As is often the case with teeth grinding, you probably don’t even know you’re doing it. That makes it harder to identify whether you have this condition or not. However, we here at Beautisdom have come up with this useful guide to help you find out about everything you need to know on how to stop teeth grinding.
First and foremost, the reason that you don’t know whether you’re doing it or not is because that most cases of teeth grinding – although there are very few exceptions to this – happen in the middle of sleep.
To make matters even more complicated, not a lot of research has been done regarding this phenomenon, which makes it even more difficult to identify and ultimately stop. Not to worry, though: we can work with what we’ve got!
What We Know So Far
Despite lacking some research in this particular topic, experts do have a proper term for this rather unsettling phenomenon: Bruxism. This condition is described as the act of either clenching or grinding your teeth, or both while sleeping.
Now, having occasional bruxism is not considered a serious matter. However, the more often it occurs in a person, the more risks he or she is in of suffering from other complications that stem from this.
It’s actually pretty surprising to find out that there are millions upon millions of people who have a case of bruxism around the world and aren’t even aware.
And that’s what makes bruxism so hard to diagnose and treat: you won’t know whether you have it or not, considering that you’re asleep when it occurs. And, like we said earlier, not a lot of research has been done on the matter; we’re only currently finding new info about it.
For one, researchers have initially thought that the main cause of teeth grinding among people is stress. However, newer information has come to light and we can now discover that stress is simply but one of the many possible causes of bruxism.
Oh, and if you think that this only happens during sleep, then prepare to find out about what we’re going to tell you next.
The Unusual Cases of Daytime Bruxism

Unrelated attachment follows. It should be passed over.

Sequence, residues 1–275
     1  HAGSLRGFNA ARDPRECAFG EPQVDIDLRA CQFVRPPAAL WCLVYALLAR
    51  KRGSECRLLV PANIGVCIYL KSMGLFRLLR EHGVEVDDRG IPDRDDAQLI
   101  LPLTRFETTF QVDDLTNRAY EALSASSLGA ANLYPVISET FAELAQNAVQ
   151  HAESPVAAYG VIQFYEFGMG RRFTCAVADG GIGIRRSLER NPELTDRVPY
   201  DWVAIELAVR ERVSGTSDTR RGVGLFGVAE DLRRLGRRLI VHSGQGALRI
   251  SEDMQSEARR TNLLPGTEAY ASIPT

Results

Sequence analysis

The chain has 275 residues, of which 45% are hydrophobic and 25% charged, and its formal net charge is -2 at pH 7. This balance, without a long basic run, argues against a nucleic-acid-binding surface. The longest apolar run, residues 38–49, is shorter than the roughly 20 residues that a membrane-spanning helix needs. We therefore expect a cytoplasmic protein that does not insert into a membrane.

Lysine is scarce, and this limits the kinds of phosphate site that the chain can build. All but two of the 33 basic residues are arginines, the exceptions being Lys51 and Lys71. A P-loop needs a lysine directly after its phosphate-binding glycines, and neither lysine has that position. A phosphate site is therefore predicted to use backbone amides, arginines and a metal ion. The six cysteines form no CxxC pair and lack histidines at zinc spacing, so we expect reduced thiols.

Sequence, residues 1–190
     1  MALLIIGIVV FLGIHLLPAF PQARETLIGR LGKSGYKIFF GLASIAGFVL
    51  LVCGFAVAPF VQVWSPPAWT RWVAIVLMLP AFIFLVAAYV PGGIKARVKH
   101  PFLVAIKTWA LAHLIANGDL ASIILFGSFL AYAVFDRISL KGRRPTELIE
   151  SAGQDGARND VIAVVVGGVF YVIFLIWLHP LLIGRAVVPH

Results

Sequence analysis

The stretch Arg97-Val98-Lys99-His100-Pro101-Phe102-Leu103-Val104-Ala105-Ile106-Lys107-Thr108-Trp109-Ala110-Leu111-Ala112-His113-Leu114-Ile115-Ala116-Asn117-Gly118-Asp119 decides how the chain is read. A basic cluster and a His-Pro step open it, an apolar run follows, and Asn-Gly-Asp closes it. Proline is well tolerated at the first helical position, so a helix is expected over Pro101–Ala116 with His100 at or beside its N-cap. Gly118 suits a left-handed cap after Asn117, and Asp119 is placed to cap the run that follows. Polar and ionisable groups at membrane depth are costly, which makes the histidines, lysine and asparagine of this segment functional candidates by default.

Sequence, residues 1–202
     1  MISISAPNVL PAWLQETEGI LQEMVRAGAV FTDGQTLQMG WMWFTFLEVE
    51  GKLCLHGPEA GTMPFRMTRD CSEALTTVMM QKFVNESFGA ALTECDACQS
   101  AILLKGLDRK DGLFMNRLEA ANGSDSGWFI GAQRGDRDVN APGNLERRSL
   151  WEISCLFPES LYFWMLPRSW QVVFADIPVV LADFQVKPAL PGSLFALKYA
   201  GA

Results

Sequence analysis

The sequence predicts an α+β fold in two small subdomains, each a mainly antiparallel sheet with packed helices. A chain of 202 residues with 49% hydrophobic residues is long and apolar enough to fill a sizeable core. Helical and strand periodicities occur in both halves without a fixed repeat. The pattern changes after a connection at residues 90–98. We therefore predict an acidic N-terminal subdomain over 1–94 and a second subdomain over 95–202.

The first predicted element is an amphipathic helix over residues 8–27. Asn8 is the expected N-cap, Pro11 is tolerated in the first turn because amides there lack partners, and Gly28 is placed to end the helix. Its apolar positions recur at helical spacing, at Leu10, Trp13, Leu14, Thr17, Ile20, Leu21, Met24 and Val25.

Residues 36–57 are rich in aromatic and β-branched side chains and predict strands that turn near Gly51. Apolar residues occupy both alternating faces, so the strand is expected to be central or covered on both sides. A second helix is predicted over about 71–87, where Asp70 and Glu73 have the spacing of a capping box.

While not exactly identical to regular bruxism, daytime bruxism bears a number of similarities with its nighttime counterpart. However, let’s start with their differences in order to properly distinguish between the two.
First, you should know that cases of nighttime bruxism more often than not involve the act of grinding your teeth against each other. On the other hand, people who suffer from daytime bruxism are more prone to clenching their jaws and putting a lot of pressure on their teeth.
Despite daytime bruxism being more unusual, you won’t be surprised to find out that it is indeed more reported by people who suffer from it. After all, it happens during times when they are awake, which means they’re fully aware of what’s happening.
So, what does this say about nighttime bruxism? Well, it means that apart from having a higher chance of having the condition, it’s a lot harder to identify!
To be clear, though, one condition is not inclusive of the other. This means that you could suffer one or the other, but it doesn’t necessarily mean that you have both.
On the other hand, they are not mutually exclusive, so it is completely possible to have both. In such a case, that’s something that really needs immediate care and attention.
So, How Do We Know If We Grind Our Teeth At Night?
We’re going right off the bat and say it: this is a very tricky thing to do. In fact, it is more than likely that you’ll find out about the results that come from teeth grinding rather than the symptoms of the condition itself.